Bandon hopes were further raised on the restart when points from Sugrue and James Walsh reduced the arrears but then a superb goal by Jack Murphy after a strong run put Éire Óg back in a very commanding position. Bandon now had a mountain to climb but they battled on. Eire Óg had a point from a Daniel Goulding free in the 44th minute and they led by 3-8 to 0-10 with ten minutes remaining. A point for Bandon was answered by a John Cooper goal , created by Liam Murphy, for the winners six minutes from time but the losers never gave up deservedly got through for a consolation goal in the dying seconds. Éire Óg will now meet St Michaels in a repeat of last year’s semi final when the city side prevailed.
Scorers: Eire Óg: D Goulding (2-5, 1-0 penalty, 0-3 frees), J Murphy (1-1), J Cooper (1-0), L Sheehan (0-2, 0-1 free), R O Toole (0-1). Bandon: M Sugrue (0-9, 0-4 frees), A Murphy (1-1), C O Mahony and J Walsh (0-1 each).
Eire Óg: Chris Kelly: John Kelleher, John Mullins, Cian O‘Mahony: Daire McCarthy, Dermot O’Herlihy, Fionn O’Rourke: Dermot Hurley, Ronan O’Toole: Jack Murphy, John Cooper, Liam Sheehan: Dan O’Connor, Daniel Goulding, Eoin O’Shea. Subs: Michael O’Shea 40, Liam Murphy 46, David Sheehan 53, Aidan O’Connor 55, Michael Corkery 58, Rian O Flynn 58.

Intermediate Football Championship
Quarter – Finals:
Mitchelstown 1-17 Youghal 2-12
Millstreet 2-13 CILL na MARTRA 3-20
St Finbarr’s 3-9 Knocknagree 1-8
Semi Finals: Mitchelstown v Cill na Martra; Aghabullogue/Mayfield v St Finbarrs
Relegation play offs Round 1: (A) Glanmire v Carrigaline
Round 2: losers of A v Rockchapel, Clonakilty v BALLINORA

County Junior Football Championship
First Round:
Boherbue 1-10 CANOVEE 0 - 5
IVELEARY 0-13 Buttevant 2-4
Delanys 1-13 Tadhg Mac Carthaigh 0-13
Valley Rovers v St Michaels
Urhan 2-11 Midleton 2-12
Garnish 1-6 Ballymartle 0-16
Charleville 0-9 Dromtariffe 1-13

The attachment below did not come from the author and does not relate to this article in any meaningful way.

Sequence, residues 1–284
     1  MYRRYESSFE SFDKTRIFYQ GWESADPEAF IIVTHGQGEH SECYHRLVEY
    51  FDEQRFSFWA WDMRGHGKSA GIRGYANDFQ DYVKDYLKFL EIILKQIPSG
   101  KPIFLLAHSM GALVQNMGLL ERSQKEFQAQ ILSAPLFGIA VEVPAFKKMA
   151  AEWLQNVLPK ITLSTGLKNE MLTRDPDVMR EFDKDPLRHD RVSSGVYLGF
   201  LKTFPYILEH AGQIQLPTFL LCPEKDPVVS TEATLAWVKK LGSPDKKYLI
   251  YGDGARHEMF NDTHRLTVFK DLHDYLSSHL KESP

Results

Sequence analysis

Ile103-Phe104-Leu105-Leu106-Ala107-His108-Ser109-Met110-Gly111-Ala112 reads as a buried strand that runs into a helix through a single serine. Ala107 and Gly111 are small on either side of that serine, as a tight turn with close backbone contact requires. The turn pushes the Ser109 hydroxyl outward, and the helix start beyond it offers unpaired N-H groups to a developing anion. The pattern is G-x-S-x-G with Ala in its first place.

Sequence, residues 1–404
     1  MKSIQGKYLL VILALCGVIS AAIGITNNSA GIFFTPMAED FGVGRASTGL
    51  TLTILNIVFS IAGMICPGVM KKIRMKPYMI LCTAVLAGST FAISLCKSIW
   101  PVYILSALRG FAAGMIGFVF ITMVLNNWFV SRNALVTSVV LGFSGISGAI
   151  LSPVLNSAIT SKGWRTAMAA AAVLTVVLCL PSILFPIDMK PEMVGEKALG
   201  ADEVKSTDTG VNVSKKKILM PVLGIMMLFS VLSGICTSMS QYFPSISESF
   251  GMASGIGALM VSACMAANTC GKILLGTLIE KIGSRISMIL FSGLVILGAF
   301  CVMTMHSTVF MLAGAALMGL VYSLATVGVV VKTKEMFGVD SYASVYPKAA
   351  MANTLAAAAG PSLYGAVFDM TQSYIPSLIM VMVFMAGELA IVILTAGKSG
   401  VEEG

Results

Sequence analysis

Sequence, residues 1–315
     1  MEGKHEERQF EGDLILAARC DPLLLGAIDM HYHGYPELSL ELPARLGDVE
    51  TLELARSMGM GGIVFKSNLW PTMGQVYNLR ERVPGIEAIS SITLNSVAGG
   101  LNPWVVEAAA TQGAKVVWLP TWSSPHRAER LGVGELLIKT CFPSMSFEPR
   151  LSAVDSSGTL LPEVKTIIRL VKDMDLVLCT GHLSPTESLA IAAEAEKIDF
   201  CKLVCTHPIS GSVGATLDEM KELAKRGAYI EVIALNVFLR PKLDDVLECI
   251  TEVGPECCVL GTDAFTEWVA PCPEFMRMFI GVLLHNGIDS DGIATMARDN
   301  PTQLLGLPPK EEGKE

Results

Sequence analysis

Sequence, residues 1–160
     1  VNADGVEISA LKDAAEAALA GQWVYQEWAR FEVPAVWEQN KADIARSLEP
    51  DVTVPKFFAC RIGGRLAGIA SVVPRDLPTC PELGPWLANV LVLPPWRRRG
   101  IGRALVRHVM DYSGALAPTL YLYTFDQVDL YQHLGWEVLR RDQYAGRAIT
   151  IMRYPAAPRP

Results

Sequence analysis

Kilmacabea 3-18 Fr O’Neill’s 1-11
(A) Midleton v IVELEARY
(B) Dromtarriffe v Valley Rovers/St Michaels
(C) Ballymartle v Delanys
(D) Boherbue v Kilmacabea
Semi-Finals: A v B, C v D
Boherbue 1 – 10 Canovee 0 - 5
Canovee were well beaten in the end by Duhallow champions Boherbue at Mallow. It was 0-5 to 0-2 in the winners favour at half time and it could have been more. Seán O’Connor got the Canovee scores. When Boherbue got their goal early in the second half the writing was on the wall for Canovee and the strong Duhallow side were never less than six points clear thereafter. Canovee did not avail of some good goal chances which had they been scored could have inspired a rally but in truth Canovee did not play well on the night.
Canovee: Scorers: S O’Connor 0-2, Js Moynihan 0-2 (fs), Ds O’Sullivan 0-1.
Canovee: Darren Shine: Patrick Buckley, James McCarthy, Liam Kelleher: Brian Ahern, Michael Dunne, Eoghan Lehane: Brian O’Donoghue, Aidan Murphy: Denis Murphy, James Moynihan, Denis O’Sullivan: Mark Healy, Seán O’Connor, Mark Walsh. Subs: Conor Hughes, Andrew Cronin, Eamonn Lyons , Paul Healy, John O’Brien , Blake Ring.
County Junior B Football Champions: Ballinacurra
County Junior C Football Champions: Abbey Rovers

Co. Inter-Divisions Junior B Football Championship
(A) Newmarket v Castletownbere
(B) St Vincents 1-11 Bandon 2-7
(C) Naomh Abán 0-1 Crosshaven 0-10
(D) Russell Rovers 1-13 Grange 0-10
Semi-Finals: A v St Vincent’s. Naomh Abán v Russell Rovers

U21 County Football Championships
Under 21 A Football
Action at last! Douglas defeat Beara in the first round and now the competition can resume. Douglas 3-15 Beara 0-8
(A) Castlehaven 0-13 Nemo Rangers 3-16
(B) St Finbarr's 1-11 Kilshannig 1-15
(C) Douglas v Carrigaline
(D) KILMURRY 2-13 Aghada 1-9
Nemo Rangers v Kilshannig
Douglas/ Carrigaline v KILMURRY

U21B Football Championship
(A) O’Donovan Rossa 4-18 BÉAL ÁTHA’n GHAORTHAIDH 1-3
(B) Duargle Gaels 4-10 Na Piarsaigh 2-8
(C) Midleton 4-12 Ballygarvan 2-8
(D) Avondhu a bye
U21C Football Champions: Donoughmore

County Senior Hurling Championship
3rd Round:
Ballymartle 1-14 Blackrock 0-22
Imokilly 1-22 Newcestown 2-18
UCC 0-20 Sarsfields 1-14
Blackrock 1-20 St Finbarrs 1-11
Midleton 1-19 Newtownshandrum 2-15
Semi Finals:
Imokilly 3-21 UCC 1-15
Midleton 2-16 (22) Blackrock 3-11(20)
County Final: Imokilly (holders) v Midleton
Relegation Playoff Draws
Round 1: Killeagh 2-13 Ballyhea 3-19
Round 2: Killeagh v Kanturk, Carrigtwohill 1-16 Na Piarsaigh 3-11